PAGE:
JJ Abrams loves his secrecy. There may not be a filmmaker alive who hates spoilers and set photos more than the Bad Robot director. So what happens when a bunch of set photos leak out of Star Trek 2? JJ Abrams orders a massive blockade to prevent the view of photographers on public property. The photo above is of part of 30 large shipping containers which are strung together to create a privacy wall for the Star Trek 2 set.
After the jump we have a ton of new sequel news bits including:
- An update on when we can expect Ghostbusters 2 on Blu-ray
- Why Hangover 3 Will Be The Last in the comedy film series
- How Kick-Ass 2 Will focus completely on the villains
- Randy Couture Hints at plans for The Expendables 3
All this and more, after the jump.
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Project X, released last Friday, got some people angry, but Warner Bros. isn’t among those irritated by the teen party movie. The low-budget film is considered a success with $21m earned so far, and the studio and producers Todd Phillips and Joel Silver are already putting together plans for a sequel.
Michael Bacall (story and co-writer on the first movie) is working on a sequel treatment with Matt Drake. They started that work before the film was released, and in the wake of its success are moving forward. Until that’s handed in we’re not likely to get any more info, including whether or not any of the main cast (Thomas Mann, Oliver Cooper and Jonathan Brown) will return, or if the sequel would focus on different kids. [THR]
After the break, The Cabin in the Woods director Drew Goddard talks about a Cloverfield sequel, Rose Byrne pitches Bridesmaids in Space, and Journey 3 director Brad Peyton hints at the film’s scope. Read More »
Before Todd Phillips took audiences on a Road Trip, brought it back to the Old School or gave everyone The Hangover, he immersed himself in the college fraternity experience for the whole world to see. However, the results were so shocking that few people actually did.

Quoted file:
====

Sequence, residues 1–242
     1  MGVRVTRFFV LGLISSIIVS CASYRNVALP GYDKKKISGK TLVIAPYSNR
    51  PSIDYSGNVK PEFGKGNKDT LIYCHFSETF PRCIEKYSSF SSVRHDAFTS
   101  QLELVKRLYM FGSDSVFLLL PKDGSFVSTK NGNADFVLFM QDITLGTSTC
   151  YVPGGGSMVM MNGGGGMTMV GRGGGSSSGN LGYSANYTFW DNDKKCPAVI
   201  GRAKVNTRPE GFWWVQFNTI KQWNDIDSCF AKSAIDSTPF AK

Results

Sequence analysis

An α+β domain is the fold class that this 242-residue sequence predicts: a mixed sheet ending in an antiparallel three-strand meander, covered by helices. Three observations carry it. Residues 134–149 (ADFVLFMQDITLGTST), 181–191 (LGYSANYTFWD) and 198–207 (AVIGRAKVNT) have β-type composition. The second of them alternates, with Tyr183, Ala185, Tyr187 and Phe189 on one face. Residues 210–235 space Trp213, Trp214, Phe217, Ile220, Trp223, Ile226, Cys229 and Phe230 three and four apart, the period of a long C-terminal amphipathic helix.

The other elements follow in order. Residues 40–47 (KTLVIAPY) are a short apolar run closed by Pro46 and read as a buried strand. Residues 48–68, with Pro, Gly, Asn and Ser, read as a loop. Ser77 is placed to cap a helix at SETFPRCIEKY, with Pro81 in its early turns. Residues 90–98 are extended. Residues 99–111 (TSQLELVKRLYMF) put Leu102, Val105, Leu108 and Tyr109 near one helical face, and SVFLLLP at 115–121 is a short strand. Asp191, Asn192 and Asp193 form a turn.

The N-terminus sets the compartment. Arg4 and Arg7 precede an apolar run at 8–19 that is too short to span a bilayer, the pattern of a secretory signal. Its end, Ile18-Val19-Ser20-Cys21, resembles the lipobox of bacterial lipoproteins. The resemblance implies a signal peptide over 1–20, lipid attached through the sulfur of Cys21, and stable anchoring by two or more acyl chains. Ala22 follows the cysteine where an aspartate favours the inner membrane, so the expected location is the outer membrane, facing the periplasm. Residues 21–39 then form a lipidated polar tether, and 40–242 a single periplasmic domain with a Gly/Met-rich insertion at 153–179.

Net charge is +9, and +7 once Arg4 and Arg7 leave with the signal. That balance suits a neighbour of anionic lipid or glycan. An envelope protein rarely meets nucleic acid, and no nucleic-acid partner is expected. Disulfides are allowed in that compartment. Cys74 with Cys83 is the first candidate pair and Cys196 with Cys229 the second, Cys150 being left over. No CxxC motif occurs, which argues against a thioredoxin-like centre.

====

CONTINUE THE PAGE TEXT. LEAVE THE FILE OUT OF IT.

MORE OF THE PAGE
In the late Nineties, following his first documentary Hated, Phillips and fellow director Andrew Gurland filmed an HBO America Undercover episode called Frat House. The aim was to uncover the truth behind rumored atrocities pledges had to endure for initiation into college fraternities. At one point, Phillips himself pledged the frat to gain access. The results were so out there the filmmakers were accused of staging the events portrayed in the film, and the final version never aired on HBO.
You can now watch Frat House online. Read more and watch the film after the jump. Read More »
Project X is Rated R for “crude and sexual content throughout, nudity, drugs, drinking, pervasive language, reckless behavior and mayhem – all involving teens.” And that’s not the half of it. Produced by Todd Phillips (The Hangover), Project X is a found footage music video for high school debauchery. It portrays an unattainable, highly illegal and completely insane portrait of what we’ve all only dreamt high school could be. As a film, it’s almost an avant-garde exercise by a horny male teenager. Un Chien Andalou by a drunken aspiring frat boy. And that glorification of excess makes it potentially dangerous.
Still, this story of three high school losers who throw the most epic high school party in history is made with a palpable energy that straddles the line between infectious and euphoric. Or painful and annoying, depending on you look at it. This is American Pie, Superbad or Sixteen Candles not for the MTV generation, but for their kids. If you are too far removed from that demographic, you’ll likely find much of the film morally reprehensible and hard to watch. But that visceral reaction is what makes it so damn fun. Read More »